Today in much of the Christian world we celebrate the feast of the Triumph of the Cross.
The Cross is the sign of our redemption but all too often we reduce the cross to a minor pain or discomfort, something disagreeable that disturbs our normal routine.
This morning I came across this story I love about Clarence Jordan, a Baptist preacher and farmer, who founded Koinonia Farm, an interracial community, in Georgia in the 1950s. He also authored the “Cotton Patch” translation of parts of the New Testament that placed Jesus in Georgia.
Clarence Jordan was getting a red-carpet tour of another minister’s church. With pride the minister pointed to the rich, imported pews and luxurious decorations. As they stepped outside, darkness was falling, and a spotlight shone on a huge cross atop the steeple.
“That cross alone cost us ten thousand dollars,” the minister said with a satisfied smile.
“You got cheated,” said Jordan. “Times were when Christians could get them for free.”
Jordan was, presumably, thinking of the martyrs of the early church who died for their faith.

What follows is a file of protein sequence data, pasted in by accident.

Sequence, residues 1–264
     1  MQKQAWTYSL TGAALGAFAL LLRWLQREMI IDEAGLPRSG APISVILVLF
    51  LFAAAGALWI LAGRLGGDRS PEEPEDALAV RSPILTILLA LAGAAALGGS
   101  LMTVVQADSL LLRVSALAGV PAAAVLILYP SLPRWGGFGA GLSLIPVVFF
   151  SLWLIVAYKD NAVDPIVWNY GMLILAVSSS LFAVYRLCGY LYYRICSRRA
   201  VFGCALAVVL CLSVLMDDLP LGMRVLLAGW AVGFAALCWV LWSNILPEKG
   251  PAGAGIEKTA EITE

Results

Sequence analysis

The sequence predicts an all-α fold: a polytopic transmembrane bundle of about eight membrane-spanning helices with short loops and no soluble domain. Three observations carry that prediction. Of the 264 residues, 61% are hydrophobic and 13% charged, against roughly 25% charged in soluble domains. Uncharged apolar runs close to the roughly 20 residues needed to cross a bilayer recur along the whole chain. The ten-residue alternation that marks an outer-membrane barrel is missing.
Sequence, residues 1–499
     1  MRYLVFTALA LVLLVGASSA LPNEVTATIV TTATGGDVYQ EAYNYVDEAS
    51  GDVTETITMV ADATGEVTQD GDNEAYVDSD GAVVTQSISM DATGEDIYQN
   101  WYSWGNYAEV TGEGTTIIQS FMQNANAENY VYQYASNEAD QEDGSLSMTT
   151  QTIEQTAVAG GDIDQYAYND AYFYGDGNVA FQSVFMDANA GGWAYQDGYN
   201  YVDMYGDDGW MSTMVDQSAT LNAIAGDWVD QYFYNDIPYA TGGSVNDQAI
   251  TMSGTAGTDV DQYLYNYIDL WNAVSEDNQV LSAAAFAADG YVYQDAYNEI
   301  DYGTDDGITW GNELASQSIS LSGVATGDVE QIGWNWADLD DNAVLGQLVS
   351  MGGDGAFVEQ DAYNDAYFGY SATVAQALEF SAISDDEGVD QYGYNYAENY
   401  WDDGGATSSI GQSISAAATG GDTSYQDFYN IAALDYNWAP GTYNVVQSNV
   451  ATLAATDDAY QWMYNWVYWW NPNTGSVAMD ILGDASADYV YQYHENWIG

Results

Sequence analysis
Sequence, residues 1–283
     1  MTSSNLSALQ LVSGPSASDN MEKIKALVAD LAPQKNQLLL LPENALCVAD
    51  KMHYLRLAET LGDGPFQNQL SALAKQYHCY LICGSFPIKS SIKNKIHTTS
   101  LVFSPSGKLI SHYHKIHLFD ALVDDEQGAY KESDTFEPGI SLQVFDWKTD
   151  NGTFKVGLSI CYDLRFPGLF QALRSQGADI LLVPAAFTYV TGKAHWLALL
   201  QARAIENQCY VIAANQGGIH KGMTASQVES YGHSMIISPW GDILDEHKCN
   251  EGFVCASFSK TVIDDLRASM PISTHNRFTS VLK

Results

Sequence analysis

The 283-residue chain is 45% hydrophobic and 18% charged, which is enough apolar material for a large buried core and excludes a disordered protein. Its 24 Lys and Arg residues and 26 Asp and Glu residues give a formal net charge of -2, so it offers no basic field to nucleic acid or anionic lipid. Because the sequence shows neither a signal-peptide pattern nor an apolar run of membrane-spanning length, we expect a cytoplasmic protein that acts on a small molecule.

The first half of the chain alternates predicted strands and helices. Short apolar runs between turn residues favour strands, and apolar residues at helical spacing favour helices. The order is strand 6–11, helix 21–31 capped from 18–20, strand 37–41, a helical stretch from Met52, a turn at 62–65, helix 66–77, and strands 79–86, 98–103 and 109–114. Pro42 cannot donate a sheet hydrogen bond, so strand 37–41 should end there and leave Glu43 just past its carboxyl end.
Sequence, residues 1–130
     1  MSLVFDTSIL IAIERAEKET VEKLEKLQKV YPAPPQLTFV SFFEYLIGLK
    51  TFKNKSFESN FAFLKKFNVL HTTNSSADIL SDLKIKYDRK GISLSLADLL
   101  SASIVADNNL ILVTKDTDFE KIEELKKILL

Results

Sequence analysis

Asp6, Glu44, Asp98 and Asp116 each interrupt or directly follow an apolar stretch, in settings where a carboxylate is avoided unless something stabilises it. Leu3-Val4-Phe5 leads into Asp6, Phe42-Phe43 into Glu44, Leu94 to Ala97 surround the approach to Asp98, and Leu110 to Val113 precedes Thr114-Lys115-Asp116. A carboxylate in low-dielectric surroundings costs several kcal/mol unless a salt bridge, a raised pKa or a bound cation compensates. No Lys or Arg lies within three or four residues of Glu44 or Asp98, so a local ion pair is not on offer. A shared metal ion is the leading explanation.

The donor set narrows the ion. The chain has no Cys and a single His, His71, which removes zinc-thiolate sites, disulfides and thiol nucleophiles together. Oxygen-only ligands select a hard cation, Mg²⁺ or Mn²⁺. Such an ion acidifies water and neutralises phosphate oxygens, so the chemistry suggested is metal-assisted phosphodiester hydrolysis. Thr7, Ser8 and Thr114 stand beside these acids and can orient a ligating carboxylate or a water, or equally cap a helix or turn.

But today I am thinking of other martyrdoms.
In 1597, Christians, priests and laity, were crucified in Nagasaki, Japan.
In the 1980s, some activist Christians were crucified by the Guatemalan army.
Today, Christians are being crucified by ISIS.
But it seems all too easy to be a Christian in many parts of the world. We often forget the radical commitment of Christ with the poor and with all the suffering, His radical love which embraced the world, including His enemies.
Today I need to contemplate Jesus who, as Paul wrote in Philippians 2: 6-8:
did not regard equality with God
something to be grasped.
But, he emptied himself,
taking the form of a slave, made in human likeness;
… he humbled himself, becoming obedient to death,
even death on a cross.
And then I need to ask myself how I can put on the mind of Christ (Philippians 2: 5).